Are you aware of the proposed changes to Section 110?

On 6 September 2016, the Minister for Finance, Michael Noonan announced details of proposed amendments to Section 110 of the Taxes Consolidation Act 1997 ("Section 110") that will make profits that arise after 6 September 2016 on interests in Irish land held through companies availing of Section 110 chargeable to Irish tax at the rate of 25%.

Section 110 permits securitisation to be carried on in a tax efficient way in Ireland by deeming the holding and/or managing of certain assets (financial assets, commodities or plant and machinery) by companies resident in Ireland that avail of Section 110 ("s. 110 companies") to be taxable trade for the purposes of Irish income and corporation taxes.

The proposed changes are due to be included in the upcoming Finance Bill 2016 and are stated to be effective from 6 September 2016.

The Minister's press release and the proposed amendments to Section 110 are available here.

Proposed Amendments to Section 110

The proposed amendments will only affect those s.110 companies that hold financial assets (defined in Section 110, and including loans and shares) deriving their value, or the greater part of their value directly or indirectly, from land in Ireland ("Specified Mortgages").

The proposed amendments stipulate that any s. 110 company that holds and/or manages Specified Mortgages must treat that activity and any activities ancillary to it as a business separate from all of its other business activities, and the proposed amendments describe that distinct business as the s. 110 company's Specified Property Business.

Each affected s. 110 company will be required to calculate profits earned as a result of its Specified Property Business as profits of a separate business using rules set out in the proposed amendments so that those profits can be taxed at the rate of 25% to the extent arising after 6 September 2016. In particular, expenses will only be deductible in determining the profit on the Specified Property Business to the extent that it is just and reasonable to attribute them to the Specified Property Business and the amount so attributed may not exceed that which would have been agreed between the s. 110 company and an independent person engaged with it on the same activities and dealing with it at arm's length. Before the Minister's announcement, deductible expenses for s. 110 companies included interest and other distributions (including profit related distributions) made on securities issued by the s. 110 company, but the new rules will limit these deductions when calculating the profits of the Specified Property Business.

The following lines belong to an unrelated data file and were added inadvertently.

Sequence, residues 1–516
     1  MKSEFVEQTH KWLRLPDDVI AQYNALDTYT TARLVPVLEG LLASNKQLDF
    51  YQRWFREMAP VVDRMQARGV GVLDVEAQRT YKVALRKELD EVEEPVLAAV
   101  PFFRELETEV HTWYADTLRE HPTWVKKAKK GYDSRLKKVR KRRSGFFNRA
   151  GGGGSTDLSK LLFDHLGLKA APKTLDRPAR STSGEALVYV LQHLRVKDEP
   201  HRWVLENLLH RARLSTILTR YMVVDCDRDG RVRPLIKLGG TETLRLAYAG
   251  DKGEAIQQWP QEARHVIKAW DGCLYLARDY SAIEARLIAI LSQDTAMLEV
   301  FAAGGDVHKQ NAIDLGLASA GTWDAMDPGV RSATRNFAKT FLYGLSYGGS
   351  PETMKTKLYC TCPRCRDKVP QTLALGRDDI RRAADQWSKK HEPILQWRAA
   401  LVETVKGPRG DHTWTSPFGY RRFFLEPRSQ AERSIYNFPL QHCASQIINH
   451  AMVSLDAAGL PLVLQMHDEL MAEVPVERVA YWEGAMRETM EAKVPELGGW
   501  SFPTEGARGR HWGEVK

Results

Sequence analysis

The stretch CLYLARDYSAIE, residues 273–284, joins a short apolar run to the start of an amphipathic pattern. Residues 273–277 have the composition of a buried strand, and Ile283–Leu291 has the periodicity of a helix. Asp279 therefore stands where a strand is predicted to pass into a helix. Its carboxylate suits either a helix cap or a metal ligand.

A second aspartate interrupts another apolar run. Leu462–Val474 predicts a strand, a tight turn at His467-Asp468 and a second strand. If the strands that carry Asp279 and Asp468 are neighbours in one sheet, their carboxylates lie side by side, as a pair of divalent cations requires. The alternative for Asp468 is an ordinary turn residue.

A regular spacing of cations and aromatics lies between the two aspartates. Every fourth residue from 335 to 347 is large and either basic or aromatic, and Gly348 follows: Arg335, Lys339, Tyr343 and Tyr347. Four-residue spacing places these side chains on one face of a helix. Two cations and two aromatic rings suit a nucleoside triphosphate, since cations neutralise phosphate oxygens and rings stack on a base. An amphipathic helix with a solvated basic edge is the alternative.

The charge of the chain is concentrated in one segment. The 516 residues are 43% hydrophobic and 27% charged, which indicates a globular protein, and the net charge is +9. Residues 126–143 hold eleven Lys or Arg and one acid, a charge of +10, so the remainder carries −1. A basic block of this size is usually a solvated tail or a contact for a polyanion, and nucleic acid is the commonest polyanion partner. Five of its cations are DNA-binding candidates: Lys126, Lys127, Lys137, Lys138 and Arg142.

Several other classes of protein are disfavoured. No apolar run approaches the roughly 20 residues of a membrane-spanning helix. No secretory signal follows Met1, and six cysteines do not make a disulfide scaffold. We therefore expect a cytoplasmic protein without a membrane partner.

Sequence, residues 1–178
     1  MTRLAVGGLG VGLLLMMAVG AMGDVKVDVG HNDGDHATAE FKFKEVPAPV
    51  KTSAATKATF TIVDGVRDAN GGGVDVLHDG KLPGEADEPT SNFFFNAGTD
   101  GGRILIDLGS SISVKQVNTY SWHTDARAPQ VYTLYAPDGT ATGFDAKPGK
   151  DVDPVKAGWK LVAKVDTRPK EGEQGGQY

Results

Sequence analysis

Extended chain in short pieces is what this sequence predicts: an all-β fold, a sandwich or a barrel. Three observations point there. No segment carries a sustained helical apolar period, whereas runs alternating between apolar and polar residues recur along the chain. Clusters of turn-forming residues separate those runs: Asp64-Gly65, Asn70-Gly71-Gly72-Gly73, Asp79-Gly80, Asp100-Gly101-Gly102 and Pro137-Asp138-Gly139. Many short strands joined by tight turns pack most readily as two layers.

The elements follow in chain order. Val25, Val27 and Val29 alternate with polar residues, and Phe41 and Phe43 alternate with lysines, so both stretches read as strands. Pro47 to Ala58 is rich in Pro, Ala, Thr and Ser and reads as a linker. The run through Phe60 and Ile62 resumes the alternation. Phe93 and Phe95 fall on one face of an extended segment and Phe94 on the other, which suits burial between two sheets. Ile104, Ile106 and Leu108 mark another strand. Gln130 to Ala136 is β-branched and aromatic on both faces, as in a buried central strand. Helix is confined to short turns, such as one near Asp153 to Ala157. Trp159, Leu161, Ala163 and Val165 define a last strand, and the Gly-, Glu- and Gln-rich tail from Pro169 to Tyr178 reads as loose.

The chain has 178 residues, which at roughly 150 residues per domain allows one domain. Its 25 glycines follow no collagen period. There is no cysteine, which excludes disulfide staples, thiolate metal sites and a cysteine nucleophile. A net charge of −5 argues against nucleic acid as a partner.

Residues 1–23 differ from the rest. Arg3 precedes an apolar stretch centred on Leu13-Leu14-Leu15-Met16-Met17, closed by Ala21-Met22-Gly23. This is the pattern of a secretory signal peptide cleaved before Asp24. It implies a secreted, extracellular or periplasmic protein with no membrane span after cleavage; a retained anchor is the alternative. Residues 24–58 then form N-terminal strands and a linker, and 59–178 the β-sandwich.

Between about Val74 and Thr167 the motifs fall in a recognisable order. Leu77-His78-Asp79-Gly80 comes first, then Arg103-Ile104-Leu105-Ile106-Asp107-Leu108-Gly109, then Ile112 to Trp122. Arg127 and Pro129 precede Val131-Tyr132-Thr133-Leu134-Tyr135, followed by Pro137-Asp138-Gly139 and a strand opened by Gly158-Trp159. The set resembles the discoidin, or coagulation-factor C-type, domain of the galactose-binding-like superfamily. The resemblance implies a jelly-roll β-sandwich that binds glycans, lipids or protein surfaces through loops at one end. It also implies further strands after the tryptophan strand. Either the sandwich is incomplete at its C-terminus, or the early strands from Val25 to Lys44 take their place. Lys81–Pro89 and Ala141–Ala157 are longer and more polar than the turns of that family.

As exceptions to these new rules, a s. 110 company calculating profits of its Specified Property Business will continue to be entitled to deduct fully interest and other distributions on securities issued by the s. 110 company to the extent paid to holders of those securities that are (a) subject to corporation tax in Ireland on those payments, (b) Revenue approved pension funds or schemes or (c) resident in a member state of the EU or EAA and subject to tax there on the payments received from the s. 110 company.

The stated objective of the Minister for Finance in making the amendments is to address concerns about "the possible use of aggressive tax practices by some s. 110 companies to avoid paying tax on Irish property transactions".

In specifying this objective, the Minister for Finance acknowledged and confirmed that securitisations are essential areas in the broader international financial services sector in Ireland and should continue to benefit from Section 110.

What's next?

We recommend that all s.110 companies review the extent to which they are involved in Specified Property Business. If involved, the s. 110 company should consider carrying out a mark to market exercise to determine profits of that Specified Property Business as of 6 September 2016, as the proposed changes should only impact on profits earned from 6 September 2016.

The proposed amendments will be considered further by the Department of Finance before being included in the upcoming Finance Bill and they should not be considered final.

Given the stated objective of the Minister for Finance, our expectation is that any further changes will be with a view to making profits arising on Irish land after 6 September 2016 chargeable to Irish taxation to the extent that that objective has not been achieved by the proposed amendments.

If you hold securities in, provide services to or act as a director of a s.110 company that does not hold any financial assets deriving value from land in Ireland, the proposed changes should have no impact on that s.110 company.